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The Switching Economy Hits Home
Poor customer service accounts for most company defections.
For the rest of the April 2015 issue of CRM magazine please click here

Last year, 53 percent of U.S. consumers switched wireless carriers; TV, phone, and Internet service providers; retail banks; and other service providers, taking $1.6 trillion in business with them, according to recent research from Accenture.

"Switching continues to erode profitability in America," reports Robert Wollan, senior managing director at Accenture's strategy, sales, and customer services division. "Business leaders are seeing a real impact to their bottom lines."

Of those who switched service providers, 80 percent stated that their original providers could have done something differently to keep them.

However, few companies are doing anything about this, according to Wollan. And that's the way it's been for at least the past five years. Most companies simply accept such defections as part of doing business in what Accenture calls "the switching economy."

This switching economy, Wollan says, has grown by 29 percent since 2010. Today, only 28 percent of consumers claimed they are very loyal to their providers, Accenture finds, and only 31 percent stated they would recommend their providers to others.

But companies don't have to sit idly by and watch their money go to competitors. They just need to listen to what their customers are saying and then make the necessary changes to address their issues.

The top three complaints among those who switched providers were companies not solving their problems during the first interaction (86 percent), lengthy hold times (85 percent), and interacting with service reps who couldn't answer their questions (84 percent). These are the same issues that irked customers in 2009.

"The fact that these indicators have remained stagnant is the reason for the switching," Wollan says. "Companies haven't made any progress on the issues that are important to [their customers]."

The same issues surfaced in an earlier study of the wireless industry conducted by J.D. Power. That research found that when wireless customers are forced to shift between channels to resolve their issues, satisfaction drops considerably, and customers' likelihood to switch carriers more than doubles.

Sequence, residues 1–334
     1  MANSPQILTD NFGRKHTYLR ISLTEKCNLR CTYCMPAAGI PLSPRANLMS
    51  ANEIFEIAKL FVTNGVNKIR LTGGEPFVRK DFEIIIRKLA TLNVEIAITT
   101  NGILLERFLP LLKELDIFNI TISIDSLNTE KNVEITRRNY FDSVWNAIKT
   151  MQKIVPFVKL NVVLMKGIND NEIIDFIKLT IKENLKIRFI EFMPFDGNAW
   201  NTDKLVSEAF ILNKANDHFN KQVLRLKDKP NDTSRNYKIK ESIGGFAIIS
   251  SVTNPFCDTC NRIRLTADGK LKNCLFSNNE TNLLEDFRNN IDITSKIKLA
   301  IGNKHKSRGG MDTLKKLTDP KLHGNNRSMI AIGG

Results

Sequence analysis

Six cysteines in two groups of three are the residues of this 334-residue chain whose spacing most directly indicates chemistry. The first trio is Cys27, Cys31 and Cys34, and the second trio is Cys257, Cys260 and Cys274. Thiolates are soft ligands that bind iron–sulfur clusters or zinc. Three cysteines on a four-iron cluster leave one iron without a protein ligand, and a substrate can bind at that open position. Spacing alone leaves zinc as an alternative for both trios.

According to J.D. Power's research, 47 percent of customers forced to use multiple channels, including the phone, the Web, and retail stores, to resolve their problems stated that they definitely or probably would switch carriers, compared to just 17 percent who are able to resolve their issues via a single channel.

Across the wireless industry, 25 percent of customer service contacts follow previous attempts to resolve the same issue via another channel. "It's imperative that wireless service carriers improve their ability to resolve customer issues in one contact and reduce the number of service channels customers need to visit to address their problem," Kirk Parsons, senior director of telecommunications at J.D. Power, said in a statement. "Understanding the types of problems that customers contact their carriers about and driving them to the appropriate channel for problem resolution the first time will reduce operating costs and improve the overall customer experience."

Customers, Wollan adds, "inherently aren't looking to switch. If you can provide the experience that they know and trust, they are not likely to switch."

For some companies, the problem might be a lack of interest, according to Wollan, but for most, the problem is more systemic. "Many companies try to fix the problem across the entire business rather than making more targeted improvements," he says.

Wollan first recommends that service providers abandon the notion of a one-size-fits-all customer service environment. "Customers want more tailored experiences," he says.

Then he recommends that they build up and support their partner and customer ecosystems to generate more positive word of mouth. And, finally, they need to look for their weak spots and strengths to determine where to spend and invest. "They really need to look to seize opportunities to make changes rather than just sealing the leaks in the bucket," he says.

Giving customers what they want is the simple answer. "These are customers that you already have. You don't have to open new offices or bring on new people to capture them," Wollan says.


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